Frequently asked Questions by MS1s and MS2s
Exposure to the field and creating positive relationships with ophthalmologists are extremely important. Doing an elective in Ophthalmology, shadowing ophthalmologists, reviewing the American Academy of Ophthalmology website, and participating in an Ophthalmology Interest Group during medical school all are valuable to pursue.
As Ophthalmology is a highly competitive specialty, doing research is considered essential. Both clinical and basic research in Ophthalmology are encouraged.
Direct contact with Ophthalmologists who have an affiliation with the medical school, as well as private practice ophthalmologists who may be doing research are highly recommended. The Scholarly Project office may have ideas and a list of Ophthalmologists who would like medical students to be involved with their research.
Volunteering in community Ophthalmology programs is encouraged and can aid the student’s application for residency. Being a leader in an Ophthalmology Interest Group would be a wise activity to pursue.
Recent NRMP data suggest a Step I score upwards of 250.
Frequently asked Questions by MS3s and MS4s
Asking for letters early is advised, as letter writers typically are busy, and will need time to review your documents. Also important is to request letters soon after having worked with the letter writer, as your work habits and skills will be fresh in his or her mind. As Ophthalmology uses the San Francisco Match, applications are submitted around August 15. Hence, the need to request letters of recommendation early, and earlier than classmates applying for residencies other than Ophthalmology.
For Ophthalmology residency application, both CAS & ERAS applications are necessary. For CAS, the applicant must have 3 letters of recommendation, and only 3. These 3 letters will be submitted to all programs. For the ERAS application, the applicant may have 4 letters of recommendation, and specific letters can be sent to different programs.
Yes, by all means. Typically, two letters from ophthalmologists are recommended, 1 from a core clinical clerkship, such as Internal Medicine or Surgery, and for ERAS, a fourth supplemental letter can be obtained.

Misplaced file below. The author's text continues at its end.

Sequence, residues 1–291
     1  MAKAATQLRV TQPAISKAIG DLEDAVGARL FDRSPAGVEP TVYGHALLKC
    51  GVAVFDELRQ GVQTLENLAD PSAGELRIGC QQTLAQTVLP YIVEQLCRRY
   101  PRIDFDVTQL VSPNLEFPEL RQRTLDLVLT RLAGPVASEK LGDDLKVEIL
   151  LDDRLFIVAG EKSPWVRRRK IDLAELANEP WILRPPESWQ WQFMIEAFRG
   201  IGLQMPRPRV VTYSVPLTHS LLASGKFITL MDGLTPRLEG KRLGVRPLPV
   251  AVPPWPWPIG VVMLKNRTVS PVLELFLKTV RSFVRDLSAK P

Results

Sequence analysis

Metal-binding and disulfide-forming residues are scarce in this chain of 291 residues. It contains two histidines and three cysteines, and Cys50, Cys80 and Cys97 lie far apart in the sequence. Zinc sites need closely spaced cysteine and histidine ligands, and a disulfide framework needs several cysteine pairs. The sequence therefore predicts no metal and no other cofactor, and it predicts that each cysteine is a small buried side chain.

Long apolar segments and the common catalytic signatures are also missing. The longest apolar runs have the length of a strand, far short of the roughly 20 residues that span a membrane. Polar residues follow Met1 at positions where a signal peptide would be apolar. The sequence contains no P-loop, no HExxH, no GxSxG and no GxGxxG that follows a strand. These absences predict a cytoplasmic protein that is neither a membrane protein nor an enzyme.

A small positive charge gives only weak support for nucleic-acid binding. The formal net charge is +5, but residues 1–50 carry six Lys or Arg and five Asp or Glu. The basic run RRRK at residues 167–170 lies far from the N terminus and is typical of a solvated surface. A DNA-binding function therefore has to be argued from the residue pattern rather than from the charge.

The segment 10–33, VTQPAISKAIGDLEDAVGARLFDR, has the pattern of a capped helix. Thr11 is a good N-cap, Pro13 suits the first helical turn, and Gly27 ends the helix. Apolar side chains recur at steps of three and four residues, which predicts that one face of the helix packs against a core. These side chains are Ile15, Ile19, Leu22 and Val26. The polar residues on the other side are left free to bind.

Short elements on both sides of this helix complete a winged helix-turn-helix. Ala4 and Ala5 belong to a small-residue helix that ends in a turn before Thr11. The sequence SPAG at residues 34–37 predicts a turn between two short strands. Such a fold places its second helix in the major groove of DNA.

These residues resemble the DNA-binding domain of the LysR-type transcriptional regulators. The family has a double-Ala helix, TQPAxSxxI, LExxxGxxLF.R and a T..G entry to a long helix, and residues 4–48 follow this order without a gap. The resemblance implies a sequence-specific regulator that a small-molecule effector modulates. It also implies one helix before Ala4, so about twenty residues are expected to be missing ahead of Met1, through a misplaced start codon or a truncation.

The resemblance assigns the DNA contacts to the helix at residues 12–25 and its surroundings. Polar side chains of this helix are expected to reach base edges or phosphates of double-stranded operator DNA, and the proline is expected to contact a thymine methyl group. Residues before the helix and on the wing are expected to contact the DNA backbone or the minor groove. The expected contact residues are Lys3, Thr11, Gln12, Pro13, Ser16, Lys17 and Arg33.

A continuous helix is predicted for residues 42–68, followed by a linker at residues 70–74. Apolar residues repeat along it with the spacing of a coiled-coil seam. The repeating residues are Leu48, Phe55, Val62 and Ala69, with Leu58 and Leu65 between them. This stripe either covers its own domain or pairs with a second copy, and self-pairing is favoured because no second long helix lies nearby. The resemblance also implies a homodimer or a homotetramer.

This is typically not required, and neither from an Ophthalmology Program Director, but this may be program specific so please review the individual program websites. However, if the applicant is known well by either of these, or from a renowned Ophthalmologist, any of these can be very valuable for the application.
Yes, these can be extremely valuable, particularly if the applicant seeks to match into that specific program. Doing well in the away rotation, and getting letters of recommendation from Ophthalmologists in that program markedly enhance the student’s application.
Specific Information for Ophthalmology
- As noted above, Ophthalmology uses the San Francisco Match to match students into “Advanced” or PGY-2 positions. The San Francisco Match uses the Central Application Service (CAS) which has an earlier registration date around August 15. The San Francisco Match requires rank list submission approximately the first week of January, and releases match results mid January.
- Since Ophthalmology is an “Advanced” position, students must still register and apply through ERAS for their preliminary (PGY-1) year, which opens Sept 15. This PGY-1 year must consist of a minimum of six months of clinical experience. While any clinical field is accepted, most Ophthalmology residents choose to pursue an Internal Medicine preliminary year. It is not a requirement to complete the PGY-1 year at the same institution where the trainee is completing Ophthalmology residency.
- Ophthalmology is 36 months of training following PGY-1 year, so four post graduate years in order to complete training. Following residency, ophthalmologists may choose to subspecialize further with a fellowship program. Surgical retina and oculoplastics are two year fellowships, while most other programs are one year.